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full moon 2055469 640Are kids really crazier than usual on the Full Moon, the Blue Moon, or the Super Moon; after the grandparents' visit; after a weekend, or a Wednesday; or...when? 

No matter what the circumstance that seems to create that "crazier than usual" question in you, the answer is probably, "Yes. They are 'crazier' than usual."

That is, if crazy means buttons more easily pushed and more intense reactions to those buttons, or maybe just expanded intensity for all the ways kids have to be random, by adult standards. 

I wish I could tell you that the circumstance, like a Full Moon, creates the "crazier" result, all by itself. But the truth is that YOU are a dance partner in this Tango to Hell. Your anticipation of expanded "child crazy" in response to a set of circumstances often drives the crazy much more than the circumstances themselves.

Most of us adults actually unintentionally teach kids to behave in specific ways in response to specific circumstances, because we talk about them, create labels and stories about them, and give a lot of attention to those behaviors and circumstances. Here's how I know: recently, a young girl of 7 proudly announced to me, "I'm hyper all the time!" --told me three times in the span of 15 minutes, insistent that I join in this illusion about her. And children tell me stuff like that about themselves all the time. "I'm shy." "I'm the worrier in the family." "I'm a tough guy." "I'm the 'wierd' one."

Where do children learn to label themselves with words like hyper, shy, wild, stubborn, or phrases like "out of control?" You know. You know where they learn it--from us. We tell them. We see their behavior and use it to create labels for them as people. We project our own fears about our behavior or our memories of our childhoods onto them and tell them who they are. We don't say that the behavior is wild or shy. We say that the child is that. We tell the child she is that, or we tell other people he is that, in front of him, within earshot.

And that's it. Forever. We write it in the permanent record of their souls when we sell them on our labels as valid personality choices. After all, aligning their behavior with our labels gets them a ton of our attention, which is all they want from us, for years and years. Sadly, these labels also put children in little boxes that, often, they never get out of, and so much potential is lost.

In fact, take a look now at your own labels. What were you told you were? What little box did you climb into at age 2 or 3, and are you still in there, Shy Girl, Tough Boy, Wild One? If you weren't so convinced you belonged in that little box, what else could you be?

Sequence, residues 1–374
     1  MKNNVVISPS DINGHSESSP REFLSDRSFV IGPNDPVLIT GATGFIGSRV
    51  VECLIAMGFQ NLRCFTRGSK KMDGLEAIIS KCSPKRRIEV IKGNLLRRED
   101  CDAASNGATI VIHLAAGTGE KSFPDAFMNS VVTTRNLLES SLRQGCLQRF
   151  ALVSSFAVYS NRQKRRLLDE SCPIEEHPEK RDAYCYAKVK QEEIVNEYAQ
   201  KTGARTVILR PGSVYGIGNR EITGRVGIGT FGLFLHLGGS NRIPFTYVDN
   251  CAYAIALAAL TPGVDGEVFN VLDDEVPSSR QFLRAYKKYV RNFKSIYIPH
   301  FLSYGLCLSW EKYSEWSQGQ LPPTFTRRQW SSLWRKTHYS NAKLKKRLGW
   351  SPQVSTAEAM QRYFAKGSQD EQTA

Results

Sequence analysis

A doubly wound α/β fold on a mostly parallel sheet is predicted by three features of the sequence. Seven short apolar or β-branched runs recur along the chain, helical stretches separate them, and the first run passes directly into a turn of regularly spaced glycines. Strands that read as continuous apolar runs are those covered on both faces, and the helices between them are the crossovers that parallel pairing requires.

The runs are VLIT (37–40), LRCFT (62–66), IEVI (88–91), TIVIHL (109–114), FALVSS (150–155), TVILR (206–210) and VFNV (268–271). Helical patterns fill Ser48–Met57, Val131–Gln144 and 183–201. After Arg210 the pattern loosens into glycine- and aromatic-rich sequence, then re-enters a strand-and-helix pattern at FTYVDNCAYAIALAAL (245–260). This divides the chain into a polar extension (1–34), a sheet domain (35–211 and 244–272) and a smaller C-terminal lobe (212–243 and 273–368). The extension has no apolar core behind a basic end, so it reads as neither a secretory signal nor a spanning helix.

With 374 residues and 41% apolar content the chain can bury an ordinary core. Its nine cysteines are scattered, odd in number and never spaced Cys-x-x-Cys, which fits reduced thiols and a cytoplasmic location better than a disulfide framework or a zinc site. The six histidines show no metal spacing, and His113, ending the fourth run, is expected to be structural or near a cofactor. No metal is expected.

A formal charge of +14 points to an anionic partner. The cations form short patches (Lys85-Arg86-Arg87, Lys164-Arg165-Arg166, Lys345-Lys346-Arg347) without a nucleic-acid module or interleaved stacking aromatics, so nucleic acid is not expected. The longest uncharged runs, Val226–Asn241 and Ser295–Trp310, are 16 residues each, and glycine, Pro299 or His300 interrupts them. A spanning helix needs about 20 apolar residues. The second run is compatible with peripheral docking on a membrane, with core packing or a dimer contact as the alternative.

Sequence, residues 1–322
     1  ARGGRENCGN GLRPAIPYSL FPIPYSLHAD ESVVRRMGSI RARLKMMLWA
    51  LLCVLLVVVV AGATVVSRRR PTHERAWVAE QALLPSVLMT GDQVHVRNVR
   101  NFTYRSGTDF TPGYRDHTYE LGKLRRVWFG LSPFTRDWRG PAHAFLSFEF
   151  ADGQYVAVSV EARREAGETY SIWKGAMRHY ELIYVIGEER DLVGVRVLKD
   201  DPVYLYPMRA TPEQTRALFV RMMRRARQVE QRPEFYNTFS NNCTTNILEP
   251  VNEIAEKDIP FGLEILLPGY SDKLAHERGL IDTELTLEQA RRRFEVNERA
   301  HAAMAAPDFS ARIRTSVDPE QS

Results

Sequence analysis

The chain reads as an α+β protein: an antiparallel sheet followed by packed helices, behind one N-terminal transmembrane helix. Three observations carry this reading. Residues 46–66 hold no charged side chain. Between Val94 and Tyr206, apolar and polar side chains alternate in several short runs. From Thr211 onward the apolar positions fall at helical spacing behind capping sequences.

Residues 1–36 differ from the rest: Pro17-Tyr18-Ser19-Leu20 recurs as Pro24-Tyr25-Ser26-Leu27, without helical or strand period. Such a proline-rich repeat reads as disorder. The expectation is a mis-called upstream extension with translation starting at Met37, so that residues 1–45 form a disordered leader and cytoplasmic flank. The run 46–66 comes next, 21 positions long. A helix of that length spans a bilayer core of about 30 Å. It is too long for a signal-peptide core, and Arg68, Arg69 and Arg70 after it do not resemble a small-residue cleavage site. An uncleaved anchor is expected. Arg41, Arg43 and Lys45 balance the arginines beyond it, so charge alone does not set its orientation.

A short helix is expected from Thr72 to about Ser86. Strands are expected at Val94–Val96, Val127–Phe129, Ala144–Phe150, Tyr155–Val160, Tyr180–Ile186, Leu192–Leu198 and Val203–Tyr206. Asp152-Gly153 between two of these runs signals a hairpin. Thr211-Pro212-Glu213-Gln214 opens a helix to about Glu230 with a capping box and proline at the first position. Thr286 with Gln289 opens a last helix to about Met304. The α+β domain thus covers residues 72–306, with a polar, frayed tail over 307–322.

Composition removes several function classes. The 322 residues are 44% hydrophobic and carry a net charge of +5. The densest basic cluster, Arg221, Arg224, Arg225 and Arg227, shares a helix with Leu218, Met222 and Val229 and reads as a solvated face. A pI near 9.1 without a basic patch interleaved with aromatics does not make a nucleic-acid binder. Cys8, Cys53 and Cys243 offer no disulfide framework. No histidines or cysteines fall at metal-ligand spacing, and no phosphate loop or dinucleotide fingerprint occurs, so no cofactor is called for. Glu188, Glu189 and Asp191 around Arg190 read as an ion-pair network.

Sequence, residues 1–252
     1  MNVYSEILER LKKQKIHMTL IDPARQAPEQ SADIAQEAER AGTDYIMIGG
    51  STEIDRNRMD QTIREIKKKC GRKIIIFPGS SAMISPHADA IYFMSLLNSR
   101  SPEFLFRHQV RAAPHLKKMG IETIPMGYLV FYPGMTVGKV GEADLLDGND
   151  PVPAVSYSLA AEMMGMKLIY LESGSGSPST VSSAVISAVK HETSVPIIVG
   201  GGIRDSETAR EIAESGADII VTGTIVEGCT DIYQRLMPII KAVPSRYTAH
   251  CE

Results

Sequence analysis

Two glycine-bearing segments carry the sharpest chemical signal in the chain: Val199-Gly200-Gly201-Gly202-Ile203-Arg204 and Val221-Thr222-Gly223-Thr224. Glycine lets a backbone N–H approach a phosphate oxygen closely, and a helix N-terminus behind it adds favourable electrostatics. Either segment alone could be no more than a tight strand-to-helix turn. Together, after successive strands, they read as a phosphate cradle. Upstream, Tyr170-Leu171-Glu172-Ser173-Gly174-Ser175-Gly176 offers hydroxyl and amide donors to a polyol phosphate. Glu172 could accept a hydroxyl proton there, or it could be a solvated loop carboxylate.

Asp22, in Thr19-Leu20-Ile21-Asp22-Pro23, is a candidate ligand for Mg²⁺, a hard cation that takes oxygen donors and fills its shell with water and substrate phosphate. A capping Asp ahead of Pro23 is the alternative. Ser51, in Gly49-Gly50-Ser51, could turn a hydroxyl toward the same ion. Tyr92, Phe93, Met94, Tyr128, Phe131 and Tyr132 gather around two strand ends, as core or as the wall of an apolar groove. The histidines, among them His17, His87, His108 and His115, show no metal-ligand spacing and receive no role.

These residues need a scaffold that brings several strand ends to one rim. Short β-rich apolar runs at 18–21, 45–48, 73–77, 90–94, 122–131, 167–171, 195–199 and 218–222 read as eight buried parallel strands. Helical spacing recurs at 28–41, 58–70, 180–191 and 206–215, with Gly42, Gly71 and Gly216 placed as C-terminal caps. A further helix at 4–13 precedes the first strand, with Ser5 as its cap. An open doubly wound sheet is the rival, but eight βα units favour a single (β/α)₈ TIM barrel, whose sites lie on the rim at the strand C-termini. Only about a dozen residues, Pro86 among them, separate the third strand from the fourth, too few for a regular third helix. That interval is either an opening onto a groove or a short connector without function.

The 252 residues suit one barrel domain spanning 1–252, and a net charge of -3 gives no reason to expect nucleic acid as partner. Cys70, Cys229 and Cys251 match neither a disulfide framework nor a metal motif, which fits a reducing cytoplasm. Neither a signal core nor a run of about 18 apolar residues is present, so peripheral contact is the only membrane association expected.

This kind of labeling of children by adults is all too common, and is relatively easy to release, as struggles go. For you, as the adult, we just need to strengthen your Childhood Treasure of Independence, which begins with putting a stronger filter between your mind and your mouth. We all have to watch what we say to or in front of children about who they are or what they're like. Notice when you label a child as being a "way," such as "pushy." Notice when you assume some attribute based on gender or size or physical appearance.

Before these labels come out of our mouths, let's all take a step back and repeat this statement: This child is his/her own person. S/he is not the same as me. S/he has many traits, many strengths, and many learning curves, which all express at different times. This child is not one thing but many things. Maybe you'd like to say an "I" version of this to yourself in the mirror every day, too. I am my own person. I am not the same as anyone else. I have many traits....

Step 2 is to begin practicing neutral descriptions of children's behavior. Adding language about the choices we all have about how to behave is a bonus. But all of that is another blog post for another day. [See "A Rose By Any Other Name," July 31, 2018.] Today, just start to hear what you tell the children in your life about who and what they are--and maybe catch yourself before you close the lid on another little box. In your mind's preview mode, what comes after, "You are...."? Is he? Is she? Are you sure?

And maybe start to hear what you tell others about yourself, noticing the boxes you're in. What comes after "I am...."?

Are you? Are you sure?

© Copyright 2021

Dr. L. Carol Scott.

All Rights Reserved.